“Duck and cover!” Alan shouted.
As if in response, the Juggernaut Suit opened fire on the employees and customers, who shouted in dismay and alarm. The half-size barriers shuddered as automatic rifle bullets pounded them, barely able to shield the defenders behind them.
Taking advantage of the break in defenses, Mayfield soldiers poured in behind the suit.
“Suppression fire!” Alan barked. “Hold them back! Zap, do something to this monster!”
“It’s ‘slippery’,” Matt replied over the radio. “Looks like they painted it with all the nicest shielding.”
Alan subvocalized all of the German curse words that he had learned from his grandfather as he lay down suppression fire, forcing some of the soldiers to take cover behind the entrance hole. After a moment of thought, he spoke over the radio.
“Okay, everybody, focus fire on the soldiers. Anybody with HE rounds, explosives or other high-level ordinances, switch to them and target the Suit. Nalley, I want—”
“Specs,” Nalley interrupted. “Got it.”
“Please don’t interrupt me, love, but yes.”
“No, I mean I have them already,” Nalley said.
“Awesome,” Alan replied. “Upload, please. Everyone else, defend the store and protect yourselves. Personal safety comes first.”
The employees and customers renewed their defense of the store. Guns blazed, both to hold back the tide of soldiers that were slowly making headway into the store and to attempt to damage the nigh-invulnerable Juggernaut Suit.
“The Juggernaut Suit is literally the finest technology available in corporate warfare,” Nalley read. “Outfitted with the finest magic-resistant bulletproof armor, with explosive-resistant defense mechanisms and carrying a heavy arsenal of deadly weapons, the Juggernaut is the smallest, most potent vehicle in its defense class. Its design was a compromise of the previous Dreadnought class street tank, whose—”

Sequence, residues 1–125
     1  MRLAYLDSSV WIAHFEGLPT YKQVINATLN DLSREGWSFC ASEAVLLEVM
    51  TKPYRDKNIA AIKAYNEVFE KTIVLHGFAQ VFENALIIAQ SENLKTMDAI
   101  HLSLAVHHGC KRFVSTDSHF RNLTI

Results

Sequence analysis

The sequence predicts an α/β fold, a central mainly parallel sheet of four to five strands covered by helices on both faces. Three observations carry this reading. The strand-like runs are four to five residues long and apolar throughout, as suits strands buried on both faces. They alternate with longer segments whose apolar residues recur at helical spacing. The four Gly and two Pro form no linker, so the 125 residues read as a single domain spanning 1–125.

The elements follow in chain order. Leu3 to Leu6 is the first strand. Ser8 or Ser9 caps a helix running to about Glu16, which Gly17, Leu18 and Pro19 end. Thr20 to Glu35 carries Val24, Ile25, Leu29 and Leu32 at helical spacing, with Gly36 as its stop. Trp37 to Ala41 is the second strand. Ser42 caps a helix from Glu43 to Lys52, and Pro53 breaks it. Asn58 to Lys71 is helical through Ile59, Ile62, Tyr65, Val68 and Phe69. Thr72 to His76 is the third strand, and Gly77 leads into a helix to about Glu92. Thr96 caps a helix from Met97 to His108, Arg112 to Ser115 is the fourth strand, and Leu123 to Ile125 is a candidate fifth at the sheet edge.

“Weaknesses!” Alan shouted. “Skip to weaknesses!”
The Suit seemed to be a one-unit turning point in the battle; a single pass of its automatic rifle forced all of the defenders in range into hiding. Zap rose from behind his barrier and unleashed several strong spells, most of which glanced off the plastic hide of the tank. Zap cursed and took cover behind a break in the shelves. He was covered in sweat and panting heavily.
“You need a break,” a nearby customer said. He was a nondescript man in his early twenties, dressed in drab, unassuming clothes.
“Can’t,” Zap panted. “I’m the only dedicated mage here.”
“You have a point,” the man said. “Here, take this.” He handed Zap a vial that contained a thick yellow liquid and a small ginseng root.
“Oh, ’yesu, thank you,” Zap said, taking the vial. He nearly dropped it as an explosion rocked the store. Some of the defenders cried out.
“It’s throwing grenades at us!” Steve shouted. “Nalley!”
“Here it is!” Nalley said over the radio. “The Juggernaut Suit’s defensive capabilities, while formidable, are by necessity somewhat reduced from those of a larger-sized street tank. The Suit’s armor is treated to be extremely resistant to magic and is—”
The defenders threw themselves to the ground as another grenade exploded in their midst. “Medic!” Click yelled.
“You know,” the customer said to Zap, “you really should ask her. Don’t let yourself get interrupted.”
“What?” Zap said.
“That girl you like,” the customer said. “You should ask her whatever you were going to ask her.”
Nearby, Alan shouted. “Can we get to the good part, please, Nalley?”
“…is able to shrug off most gunfire under fifty caliber,” Nalley continued, “But its magic and energy shielding is all focused in the top armor layer, which is susceptible to concussive force. While the Juggernaut’s ambient field will divert most explosions, high explosives or low-speed rams will bend its armor easily, exposing the sensitive circuitry within. The area near the cockpit is particularly susceptible.” Nalley read.
“We don’t have any explosives better than grenades,” To’mas said over the radio.
“You shouldn’t listen in on people’s conversations,” Zap said, a little flustered. “And anyway, I didn’t say that I liked her.”
“Well,” the man said. “You should ask her anyway.”
Zap knit his brow at the stranger. “What’s your name?” he asked.
“Marc,” the man said.